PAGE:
I'm actually fairly certain the GOUT does have more frames than might normally have been seen. The reason I say this is that if you listen extremely closely, you can actually hear small jump-cuts in the soundtracks where the audio has been looped, in order to extend it in length. Such a thing would only have been done if the video ended up being slightly longer than the audio, for the sake of maintaining synch.
Without fail, edits of this type occur each time there is a reel change. Since it happens about every ten to eleven minutes, these would correspond to the shorter reel lengths of a negative or interpositive, rather than the double length of a theatrical print. These are the same spots where different video transfers go out of synch with each other.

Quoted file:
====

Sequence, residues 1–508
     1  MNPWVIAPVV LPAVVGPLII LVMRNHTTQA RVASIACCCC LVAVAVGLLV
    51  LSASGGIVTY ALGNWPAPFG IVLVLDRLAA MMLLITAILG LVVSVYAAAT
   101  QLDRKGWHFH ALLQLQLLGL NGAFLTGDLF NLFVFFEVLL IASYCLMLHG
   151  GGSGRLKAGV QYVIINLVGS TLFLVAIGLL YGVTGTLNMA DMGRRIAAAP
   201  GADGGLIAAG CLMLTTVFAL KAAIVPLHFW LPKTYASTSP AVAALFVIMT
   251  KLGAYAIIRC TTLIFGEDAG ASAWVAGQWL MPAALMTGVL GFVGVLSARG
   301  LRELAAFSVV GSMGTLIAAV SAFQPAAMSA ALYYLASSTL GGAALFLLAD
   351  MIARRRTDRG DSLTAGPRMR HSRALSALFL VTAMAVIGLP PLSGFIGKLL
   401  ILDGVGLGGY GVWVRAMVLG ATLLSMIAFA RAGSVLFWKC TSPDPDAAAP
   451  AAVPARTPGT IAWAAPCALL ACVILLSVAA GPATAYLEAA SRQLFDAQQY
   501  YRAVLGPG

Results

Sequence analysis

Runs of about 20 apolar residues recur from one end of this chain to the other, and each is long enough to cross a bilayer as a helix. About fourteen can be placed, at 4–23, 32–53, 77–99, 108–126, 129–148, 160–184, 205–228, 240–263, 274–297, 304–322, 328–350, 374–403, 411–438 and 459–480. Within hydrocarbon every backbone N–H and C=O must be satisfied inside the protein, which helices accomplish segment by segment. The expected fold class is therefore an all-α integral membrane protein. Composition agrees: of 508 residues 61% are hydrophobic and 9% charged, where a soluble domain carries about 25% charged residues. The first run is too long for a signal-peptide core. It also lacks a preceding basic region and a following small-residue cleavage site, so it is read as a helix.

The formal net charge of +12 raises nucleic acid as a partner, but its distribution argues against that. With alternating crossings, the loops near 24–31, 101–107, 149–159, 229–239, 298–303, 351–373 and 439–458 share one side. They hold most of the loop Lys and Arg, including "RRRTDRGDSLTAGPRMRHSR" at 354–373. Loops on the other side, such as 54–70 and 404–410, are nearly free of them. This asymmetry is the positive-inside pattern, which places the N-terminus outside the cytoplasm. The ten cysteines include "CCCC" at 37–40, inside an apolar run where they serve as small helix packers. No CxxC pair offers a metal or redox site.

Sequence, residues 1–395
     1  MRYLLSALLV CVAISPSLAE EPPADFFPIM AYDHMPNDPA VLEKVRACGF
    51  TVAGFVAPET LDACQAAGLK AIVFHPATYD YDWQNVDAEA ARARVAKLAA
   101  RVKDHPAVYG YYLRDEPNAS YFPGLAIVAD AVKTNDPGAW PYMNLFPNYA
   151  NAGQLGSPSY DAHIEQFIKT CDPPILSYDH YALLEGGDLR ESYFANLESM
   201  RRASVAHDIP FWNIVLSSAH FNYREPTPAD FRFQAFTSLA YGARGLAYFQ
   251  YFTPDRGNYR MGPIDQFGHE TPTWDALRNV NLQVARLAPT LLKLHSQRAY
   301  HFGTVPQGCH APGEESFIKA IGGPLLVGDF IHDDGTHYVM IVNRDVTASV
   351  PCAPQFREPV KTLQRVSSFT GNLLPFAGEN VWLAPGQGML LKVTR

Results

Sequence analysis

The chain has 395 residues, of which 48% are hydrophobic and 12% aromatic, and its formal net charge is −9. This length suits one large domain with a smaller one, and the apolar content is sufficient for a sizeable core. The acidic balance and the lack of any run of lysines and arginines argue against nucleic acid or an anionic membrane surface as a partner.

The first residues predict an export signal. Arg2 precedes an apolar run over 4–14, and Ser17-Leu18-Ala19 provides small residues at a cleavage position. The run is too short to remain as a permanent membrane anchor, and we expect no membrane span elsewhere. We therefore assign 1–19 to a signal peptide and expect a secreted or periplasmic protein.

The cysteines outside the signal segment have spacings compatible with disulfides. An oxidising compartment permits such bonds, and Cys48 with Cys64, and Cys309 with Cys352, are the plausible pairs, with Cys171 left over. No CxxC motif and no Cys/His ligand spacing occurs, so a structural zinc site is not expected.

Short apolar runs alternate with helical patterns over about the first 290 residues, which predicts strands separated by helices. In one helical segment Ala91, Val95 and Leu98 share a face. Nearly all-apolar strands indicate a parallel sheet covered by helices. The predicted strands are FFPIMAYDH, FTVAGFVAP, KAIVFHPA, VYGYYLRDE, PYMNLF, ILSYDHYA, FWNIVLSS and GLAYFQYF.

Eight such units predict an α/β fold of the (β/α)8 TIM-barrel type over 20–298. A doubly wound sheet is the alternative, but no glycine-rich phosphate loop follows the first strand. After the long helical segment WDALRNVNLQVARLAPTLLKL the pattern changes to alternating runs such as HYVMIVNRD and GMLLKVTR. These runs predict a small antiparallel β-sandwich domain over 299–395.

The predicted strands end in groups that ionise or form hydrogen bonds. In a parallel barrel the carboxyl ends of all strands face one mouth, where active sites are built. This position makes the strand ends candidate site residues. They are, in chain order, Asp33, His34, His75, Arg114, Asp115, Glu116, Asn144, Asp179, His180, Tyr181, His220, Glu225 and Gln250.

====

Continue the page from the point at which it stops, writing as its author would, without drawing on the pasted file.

Most of this had to have been done for the Definitive Collection laserdiscs themselves back in 1993, but the GOUT also has a few additional edits of this nature that the laserdisc tracks do not, though for what reason I'm not sure. Since there can be so much discrepancy in frame counts between versions, even ones derived from the same master, picking one convenient reference and sticking to it—namely, the NTSC version of the GOUT—is the best way to ensure that audio synch issues are eliminated. I don't especially like the idea of dropping any frames either, but in practice the differences are small enough not to be noticed when watching, and it is still more complete than a typical 35mm print (ie, the -1 version) would have been.